FOULS A throwing foul is called only by the player fouled. The thrower may not push the defender back in order to throw. Any physical contact during the throw is a foul against the defender. Contact occuring after the release of the disc is not sufficient grounds for a foul. If the pass is completed, the foul is automatically declined and play proceeds without stopping.

Players must play the disc, not the opponent. That is, they may not position themselves or move for the purpose of impeding other players. To do so is a foul. In playing the disc, players must respect the established positions of others. Low momentum contact during and after the catching attempt is often unavoidable and is not a foul. Violent impact with legitimately positioned opponents constitutes harmful endangerment, is a foul, and must be strictly avoided.

The player who is fouled calls "foul", play stops, and the player gains possession at the point of the infraction. For a momentum or pivoting foul, play stops, a check of the disc occurs, but possession is retained by the thrower. Play continues when both teams are ready. Should a foul occur in the endzone, possession is gained at the goal line.

A stalling violation occurs when the player guarding the thrower calls out "stalling" and counts aloud 15 seconds. If the disc has not been released at the end of the count, it is turned over to the defense at that point.

SCORING A goal is scored when an offensive player lands in bounds with any part of both feet in the endzone after receiving a pass from a teammate. The goal line is not considered part of the endzone. A player in possession may not score by running into the endzone. The team that scores receives one point.

SUBSTITUTIONS Substitutions can be made only: 1) after a goal and before the ensuing throw-off; 2) to replace an injured player; or 3) after periods of play. Substitutions cannot be made during a timeout.

* There are no scrimmage lines or offsides in Ultimate.
* The disc may be passed in any direction; forward, to the sides or backwards.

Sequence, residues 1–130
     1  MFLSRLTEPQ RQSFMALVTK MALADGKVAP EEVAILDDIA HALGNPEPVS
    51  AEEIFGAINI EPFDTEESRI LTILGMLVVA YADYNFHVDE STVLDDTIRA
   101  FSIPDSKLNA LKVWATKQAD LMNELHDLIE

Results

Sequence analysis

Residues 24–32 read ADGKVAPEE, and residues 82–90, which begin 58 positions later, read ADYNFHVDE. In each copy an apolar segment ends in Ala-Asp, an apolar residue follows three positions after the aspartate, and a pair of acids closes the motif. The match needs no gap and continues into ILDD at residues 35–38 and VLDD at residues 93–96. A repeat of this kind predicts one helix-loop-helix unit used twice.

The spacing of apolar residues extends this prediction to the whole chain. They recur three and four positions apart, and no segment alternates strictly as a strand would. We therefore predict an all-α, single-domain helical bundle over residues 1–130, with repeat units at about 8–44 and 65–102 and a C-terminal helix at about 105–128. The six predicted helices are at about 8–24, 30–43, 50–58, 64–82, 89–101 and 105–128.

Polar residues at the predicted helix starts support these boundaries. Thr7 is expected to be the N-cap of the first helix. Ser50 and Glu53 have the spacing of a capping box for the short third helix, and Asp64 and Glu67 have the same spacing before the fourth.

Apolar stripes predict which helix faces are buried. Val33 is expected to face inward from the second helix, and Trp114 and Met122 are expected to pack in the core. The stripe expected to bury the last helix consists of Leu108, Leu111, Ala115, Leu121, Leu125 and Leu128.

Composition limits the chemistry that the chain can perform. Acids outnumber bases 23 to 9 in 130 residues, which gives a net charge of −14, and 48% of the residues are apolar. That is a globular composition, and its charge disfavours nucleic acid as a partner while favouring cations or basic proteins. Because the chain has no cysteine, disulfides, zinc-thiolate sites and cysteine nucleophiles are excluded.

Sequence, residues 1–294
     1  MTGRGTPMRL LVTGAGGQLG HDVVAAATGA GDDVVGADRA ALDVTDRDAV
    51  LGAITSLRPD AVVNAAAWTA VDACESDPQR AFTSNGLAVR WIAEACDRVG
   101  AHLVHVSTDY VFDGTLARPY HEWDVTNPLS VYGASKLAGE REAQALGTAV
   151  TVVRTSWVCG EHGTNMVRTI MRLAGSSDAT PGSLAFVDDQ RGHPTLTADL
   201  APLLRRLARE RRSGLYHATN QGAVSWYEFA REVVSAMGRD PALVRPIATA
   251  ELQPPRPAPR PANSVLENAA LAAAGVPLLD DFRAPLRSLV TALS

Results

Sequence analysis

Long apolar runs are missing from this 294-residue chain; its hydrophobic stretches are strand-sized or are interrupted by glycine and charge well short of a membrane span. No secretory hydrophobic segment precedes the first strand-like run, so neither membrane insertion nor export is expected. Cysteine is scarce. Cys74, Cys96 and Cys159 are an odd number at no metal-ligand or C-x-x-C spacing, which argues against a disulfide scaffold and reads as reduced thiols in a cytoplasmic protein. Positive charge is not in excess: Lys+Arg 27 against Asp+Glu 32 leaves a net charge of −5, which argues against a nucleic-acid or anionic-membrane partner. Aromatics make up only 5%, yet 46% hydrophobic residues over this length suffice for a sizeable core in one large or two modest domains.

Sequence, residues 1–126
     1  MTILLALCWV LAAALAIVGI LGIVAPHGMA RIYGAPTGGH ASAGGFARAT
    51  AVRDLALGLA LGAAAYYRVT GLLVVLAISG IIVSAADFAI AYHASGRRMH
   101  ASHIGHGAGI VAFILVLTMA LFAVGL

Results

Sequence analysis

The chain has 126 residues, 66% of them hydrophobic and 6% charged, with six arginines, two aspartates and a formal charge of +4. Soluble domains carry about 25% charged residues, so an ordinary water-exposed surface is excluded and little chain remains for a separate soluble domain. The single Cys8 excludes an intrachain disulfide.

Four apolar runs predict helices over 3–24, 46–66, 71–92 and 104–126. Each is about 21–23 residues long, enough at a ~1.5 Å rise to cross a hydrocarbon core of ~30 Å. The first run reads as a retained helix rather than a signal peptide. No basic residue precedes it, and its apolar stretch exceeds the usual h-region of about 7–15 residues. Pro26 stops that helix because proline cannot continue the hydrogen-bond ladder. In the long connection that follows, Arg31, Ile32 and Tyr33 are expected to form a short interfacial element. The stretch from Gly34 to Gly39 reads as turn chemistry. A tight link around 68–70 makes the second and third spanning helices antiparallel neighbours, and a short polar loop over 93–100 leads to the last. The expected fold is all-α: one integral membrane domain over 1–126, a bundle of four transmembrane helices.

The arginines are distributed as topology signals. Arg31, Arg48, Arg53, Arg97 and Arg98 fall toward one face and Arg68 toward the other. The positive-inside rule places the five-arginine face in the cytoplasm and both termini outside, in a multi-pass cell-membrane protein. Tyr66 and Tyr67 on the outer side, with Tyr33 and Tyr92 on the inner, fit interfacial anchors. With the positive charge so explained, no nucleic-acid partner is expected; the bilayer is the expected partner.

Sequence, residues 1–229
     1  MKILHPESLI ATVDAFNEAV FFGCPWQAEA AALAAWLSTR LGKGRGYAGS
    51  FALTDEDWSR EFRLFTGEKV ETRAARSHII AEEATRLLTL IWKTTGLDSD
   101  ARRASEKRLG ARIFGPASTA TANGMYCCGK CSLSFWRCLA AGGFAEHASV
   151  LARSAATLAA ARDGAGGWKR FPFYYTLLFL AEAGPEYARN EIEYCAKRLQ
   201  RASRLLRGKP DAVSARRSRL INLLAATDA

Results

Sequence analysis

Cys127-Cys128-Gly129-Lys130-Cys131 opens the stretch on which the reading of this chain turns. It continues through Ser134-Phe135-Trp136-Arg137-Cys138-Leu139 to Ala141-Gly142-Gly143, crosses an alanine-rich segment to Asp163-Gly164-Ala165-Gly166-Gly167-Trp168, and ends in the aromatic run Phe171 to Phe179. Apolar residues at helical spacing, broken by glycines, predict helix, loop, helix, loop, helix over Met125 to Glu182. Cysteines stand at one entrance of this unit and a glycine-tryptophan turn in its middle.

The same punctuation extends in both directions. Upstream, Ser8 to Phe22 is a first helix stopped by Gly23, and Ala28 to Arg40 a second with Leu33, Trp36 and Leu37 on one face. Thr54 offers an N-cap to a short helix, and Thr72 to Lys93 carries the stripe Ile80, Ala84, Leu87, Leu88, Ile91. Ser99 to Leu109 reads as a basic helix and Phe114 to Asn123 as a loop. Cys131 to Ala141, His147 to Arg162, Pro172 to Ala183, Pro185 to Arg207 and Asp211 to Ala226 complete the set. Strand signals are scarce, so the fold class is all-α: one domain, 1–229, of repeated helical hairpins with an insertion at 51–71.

* The term "when both teams are ready" implies that the defensive team will hold the disc until the defense is ready, and then hands the disc to the thrower, thus restarting the clock. It should be common practice that the offensive team finds a position then remains stationary until the disc is given to the thrower.
* The disc may fly out-of-bounds and return to the playing field. The defense may attempt to knock the disc down when the disc is out-of-bounds.
* The stalling call should be initiated only when it becomes obvious that a stall is occuring.

VARIATIONS Before the opening throw-off, the captains may agree on any additional ground rules necessary. The number of players, size of field, model of disc, and length of game can be adapted.

HISTORY Ultimate was developed by Joel Silver and the late Buzzy Hellring in 1968 at Columbia High School in Maplewood, New Jersey. The sport was spread to other high schools and the New Jersey Conference was formed. Rutgers and Princeton played the first intercollegiate game on November 6, 1972.

For additional information in forming your own Ultimate teams, names of other teams in your area, or additional copies of the rules, write to: International Frisbee Association, PO Box 970, San Gabriel, California 91776.

c CHS VARSITY TEAM (Richard Denburg, Irvin Kalb and Joel Silver) 1971, 1976, 1978


Approval by the International Frisbee Association Ultimate Players Committee.

Printed in the USA